The amount of aid spent per person during the early days of the US occupation was the lowest amount spent in any recent conflict zone. In 2002, the US delivered only $75 per person in aid to Afghanistan, compared to over $250 per person in aid for conflicts in Bosnia, East Timor, Kosovo, and Rwanda.[49] In 2004, donor countries pledged only $42 per person for 2004 through 2009, although that amount did eventually increase. The World Bank estimated in 2006 that GIROA needed $4 billion per year in support, yet the 2006 London Afghan Compact pledged only half that amount ($10.5 billion over five years).[50] Total ODA from 2002 through 2009 was $26.7 billion, of which the US provided approximately one-third.[51] By August 2011, total ODA had risen to $90 billion pledged, with $57 billion disbursed.[52] Those figures represent a dramatic increase in aid. From 2002 through 2009, aid averaged $3 billion per year. From 2009 to the present, the international donors have spent another $30 billion, more than doubling the pre-surge figures.

In addition to aid shortfalls, when ISAF nations disburse money, they do not spend evenly throughout the country. The West spends more than half of all aid in the four most insurgency-prone provinces.[53] Furthermore, “off-budget” aid that is not coordinated with GIROA continues to dominate spending, accounting for more than three-quarters of 2006 ODA. Off-budget spending is hard to manage and often involves competing interests. Afghanistan is no exception.

The small number of civilian teams sent by the US and NATO indicate a lack of commitment. Sweden and Poland, who sent medium-sized deployments, compared to other donor nations, sent nine and eight people, respectively, and only achieved those numbers post-surge.[54] According to Rory Stewart, the U.K. Embassy in 2008 held 350 people, and only three of them actually spoke Dari, the predominant language in Afghanistan.[55] Stewart also discovered that in the Afghan Section of the Foreign Office in London, nobody assigned to the section had ever been to Afghanistan.[56] Although the US led the effort, US development staff statistics are only marginally better. In August of 2009, just before the surge, the US Embassy, known locally as “Fortress America,” held just 311 civilians, with another 159 in the field, or 470 in the country.[57] After the surge, the US civilian team rose to 944 members, compared to almost 100,000 service members.[58] The total number of foreign government employees in Afghanistan is below 2,000. The individuals pursued noble objectives, but they were set up for failure. Secretary of State Condoleezza Rice summarized it best when she said, “We didn’t have the right skills, the right capacity to deal with a reconstruction effort of this kind.”[59]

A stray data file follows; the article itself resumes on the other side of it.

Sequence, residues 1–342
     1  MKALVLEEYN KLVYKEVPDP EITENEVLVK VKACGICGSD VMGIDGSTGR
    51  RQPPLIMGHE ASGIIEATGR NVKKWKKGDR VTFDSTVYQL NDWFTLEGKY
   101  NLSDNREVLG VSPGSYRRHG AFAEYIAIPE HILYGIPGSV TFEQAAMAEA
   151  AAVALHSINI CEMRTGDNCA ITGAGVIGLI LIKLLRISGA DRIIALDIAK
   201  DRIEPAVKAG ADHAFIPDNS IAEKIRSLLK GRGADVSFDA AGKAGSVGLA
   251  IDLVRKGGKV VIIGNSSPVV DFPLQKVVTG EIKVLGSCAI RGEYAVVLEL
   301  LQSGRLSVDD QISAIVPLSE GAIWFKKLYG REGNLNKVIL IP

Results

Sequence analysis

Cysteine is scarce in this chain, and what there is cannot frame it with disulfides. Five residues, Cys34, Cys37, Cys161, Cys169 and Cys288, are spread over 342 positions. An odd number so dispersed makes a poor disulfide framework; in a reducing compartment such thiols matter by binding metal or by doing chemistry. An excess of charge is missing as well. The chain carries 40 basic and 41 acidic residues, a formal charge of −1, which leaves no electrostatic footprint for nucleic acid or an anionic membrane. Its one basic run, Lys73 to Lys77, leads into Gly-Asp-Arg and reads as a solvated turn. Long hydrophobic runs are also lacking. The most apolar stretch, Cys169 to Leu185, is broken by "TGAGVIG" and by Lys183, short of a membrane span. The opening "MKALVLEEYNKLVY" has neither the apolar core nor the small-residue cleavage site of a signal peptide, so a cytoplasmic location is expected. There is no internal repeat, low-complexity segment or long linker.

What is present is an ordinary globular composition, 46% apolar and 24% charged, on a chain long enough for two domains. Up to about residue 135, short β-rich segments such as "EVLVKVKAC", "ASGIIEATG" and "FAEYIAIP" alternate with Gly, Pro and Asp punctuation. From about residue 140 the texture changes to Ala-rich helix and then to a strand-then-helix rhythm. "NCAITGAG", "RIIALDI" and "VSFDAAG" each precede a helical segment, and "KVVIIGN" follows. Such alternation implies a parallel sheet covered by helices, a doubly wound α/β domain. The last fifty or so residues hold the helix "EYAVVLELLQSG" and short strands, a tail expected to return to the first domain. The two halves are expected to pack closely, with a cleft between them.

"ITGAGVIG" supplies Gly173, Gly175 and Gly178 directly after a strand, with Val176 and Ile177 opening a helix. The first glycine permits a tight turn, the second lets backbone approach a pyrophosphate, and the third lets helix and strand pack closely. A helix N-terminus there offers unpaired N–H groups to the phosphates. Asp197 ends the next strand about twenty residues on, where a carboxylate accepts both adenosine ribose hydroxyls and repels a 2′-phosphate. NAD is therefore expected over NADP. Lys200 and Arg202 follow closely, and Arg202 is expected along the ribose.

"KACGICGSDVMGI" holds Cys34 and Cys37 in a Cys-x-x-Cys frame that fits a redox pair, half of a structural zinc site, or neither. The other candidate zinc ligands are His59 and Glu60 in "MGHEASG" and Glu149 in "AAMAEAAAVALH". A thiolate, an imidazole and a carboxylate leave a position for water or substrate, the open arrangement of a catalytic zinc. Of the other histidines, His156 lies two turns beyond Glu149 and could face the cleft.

Western Recommitment to the Development Program